The polarimetric and helioseismic imager instrument for the Solar Orbiter mission from the European Space Agency requires a high stability while capturing images, specially for the polarimetric ones. For this reason, an image stabilization system has been included in the instrument. It uses global motion estimation techniques to estimate the jitter in real time with subpixel resolution. Due to instrument requirements, the algorithm has to be implemented in a Xilinx Virtex-4QV field programmable gate array. The algorithm includes a 2-D paraboloid interpolation algorithm based on 2-D bisection. We describe the algorithm implementation and the tests that have been made to verify its performance. The jitter estimation has a mean error of 125 pixel of the correlation tracking camera. The paraboloid interpolation algorithm provides also better results in terms of resources and time required for the calculation (at least a 20% improvement in both cases) than those based on direct calculation.
The tip/tilt driver is part of the Polarimetric and Helioseismic Imager (PHI) instrument for the ESA Solar Orbiter (SO), which is scheduled to launch in 2017. PPHI captures polarimetric images from the Sun to better understand our nearest star, the Sun. The paper covers an analog amplifier design to drive capacitive solid state actuator such ass piezoelectric actuator. Due to their static and continuous operation, the actuator needs to be supplied by high-quality, low-frequency, high-voltage sinusoidal signals. The described circuit is an efficiency-improved Class-AB amplifier capable of recovering up to 60% of the charge stored in the actuator. The results obtained after the qualification model test demonstrate the feasibility of the circuit with the accomplishment of the requirements fixed by the scientific team.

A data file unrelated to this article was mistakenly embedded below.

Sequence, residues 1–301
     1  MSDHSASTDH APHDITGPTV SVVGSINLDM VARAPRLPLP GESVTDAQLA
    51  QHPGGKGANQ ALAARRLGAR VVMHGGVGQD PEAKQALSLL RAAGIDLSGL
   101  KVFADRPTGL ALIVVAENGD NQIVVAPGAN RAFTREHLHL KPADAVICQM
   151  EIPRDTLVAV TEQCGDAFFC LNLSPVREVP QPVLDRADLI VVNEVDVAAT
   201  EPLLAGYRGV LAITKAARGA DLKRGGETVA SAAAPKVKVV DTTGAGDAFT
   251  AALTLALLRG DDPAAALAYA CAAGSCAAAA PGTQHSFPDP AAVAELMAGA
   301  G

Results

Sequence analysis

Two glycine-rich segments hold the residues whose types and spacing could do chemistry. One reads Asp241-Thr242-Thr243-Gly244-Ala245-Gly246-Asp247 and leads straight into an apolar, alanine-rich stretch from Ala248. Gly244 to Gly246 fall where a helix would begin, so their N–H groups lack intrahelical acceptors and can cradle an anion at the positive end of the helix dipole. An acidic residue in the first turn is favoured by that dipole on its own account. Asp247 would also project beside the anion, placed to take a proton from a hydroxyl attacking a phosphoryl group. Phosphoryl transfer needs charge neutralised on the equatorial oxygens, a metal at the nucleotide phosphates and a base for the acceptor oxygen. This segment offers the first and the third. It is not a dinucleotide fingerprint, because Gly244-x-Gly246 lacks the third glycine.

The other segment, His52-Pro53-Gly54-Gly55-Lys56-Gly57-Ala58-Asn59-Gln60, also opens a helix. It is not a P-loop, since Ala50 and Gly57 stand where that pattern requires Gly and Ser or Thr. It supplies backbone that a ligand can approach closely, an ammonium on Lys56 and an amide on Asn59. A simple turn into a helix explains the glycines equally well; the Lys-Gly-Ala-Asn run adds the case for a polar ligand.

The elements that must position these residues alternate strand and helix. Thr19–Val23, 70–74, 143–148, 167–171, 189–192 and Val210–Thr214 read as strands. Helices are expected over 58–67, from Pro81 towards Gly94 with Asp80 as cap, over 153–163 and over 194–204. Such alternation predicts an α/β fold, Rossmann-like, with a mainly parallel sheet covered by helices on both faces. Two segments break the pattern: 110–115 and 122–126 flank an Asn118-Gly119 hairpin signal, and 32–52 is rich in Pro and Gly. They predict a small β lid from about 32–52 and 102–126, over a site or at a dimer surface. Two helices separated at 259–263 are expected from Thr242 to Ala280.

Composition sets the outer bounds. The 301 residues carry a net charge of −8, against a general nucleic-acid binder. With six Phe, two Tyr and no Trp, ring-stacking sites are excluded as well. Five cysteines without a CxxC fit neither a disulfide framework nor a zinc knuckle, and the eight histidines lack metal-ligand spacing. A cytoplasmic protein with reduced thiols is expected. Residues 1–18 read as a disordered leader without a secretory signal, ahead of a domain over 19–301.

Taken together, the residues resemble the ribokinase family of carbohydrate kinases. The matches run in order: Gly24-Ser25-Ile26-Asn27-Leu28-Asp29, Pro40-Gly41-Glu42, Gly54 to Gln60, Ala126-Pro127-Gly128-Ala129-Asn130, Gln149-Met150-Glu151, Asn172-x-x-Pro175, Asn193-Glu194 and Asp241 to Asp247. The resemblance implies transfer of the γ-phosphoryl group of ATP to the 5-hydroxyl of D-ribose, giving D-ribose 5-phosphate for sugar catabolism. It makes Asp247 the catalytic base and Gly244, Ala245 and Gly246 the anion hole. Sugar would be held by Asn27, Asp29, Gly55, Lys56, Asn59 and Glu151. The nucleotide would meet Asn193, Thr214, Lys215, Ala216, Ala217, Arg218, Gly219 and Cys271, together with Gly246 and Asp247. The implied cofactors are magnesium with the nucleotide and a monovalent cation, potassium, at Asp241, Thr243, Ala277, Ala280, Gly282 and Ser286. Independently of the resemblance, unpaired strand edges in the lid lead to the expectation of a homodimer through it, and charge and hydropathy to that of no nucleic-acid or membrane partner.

The Polarimetric and Helioseismic Imager (PHI) instrument is part of the remote instruments for the ESA Solar Orbiter
(SO), which is scheduled to launch in 2017. PHI captures polarimetric images from the Sun to better understand our
nearest star, the Sun. A set of images is acquired with different polarizations, and afterwards is processed to extract the
Stokes parameters. As Stokes parameters require the subtraction of the image values, in order to get the desired quality it
is necessary to have good contrast in the image and very small displacements between them. As a result an Image
Stabilization System (ISS) is required. This paper is focused in the behavior and the main characteristics of this system.
This ISS is composed of a camera, a tip-tilt mirror and a control system. The camera is based on a STAR1000 sensor that
includes a 10 bits resolution high-speed Analog-to-Digital Converter (ADC). The control system includes a Correlation
Tracking (CT) algorithm that determines the necessary corrections. The tip-tilt mirror is moved based on this corrections
to minimize the effects of the spacecraft (S/C) drift and jitter with respect to the Sun. Due to its stringent requirements, a
system model has been developed in order to verify that the required parameters can be satisfied. The results show that
the ISS is feasible, although the margins are very small.
A very high precision Image Stabilization System has been designed for the Solar Orbiter mission. The different components that have been designed are the Correlation Tracking Camera (CTC), Tip-Tilt controller (TTC) and the system control in order to achieve the specified requirements. For the CTC, in order to achieve the required resolution of 12 bits and reduced power consumption, we used an external ADC. For the TTC, a special focus has been dedicated to a 55 V linear regulator in a QUASI-LDO configuration and a Tip-Tilt driver in a transconductance amplifier architecture. Results show that the full system reaches an attenuation of 1/10th of a pixel at 10Hz. The TTC provides a high voltage span, enough slew-rate and the needed stability levels.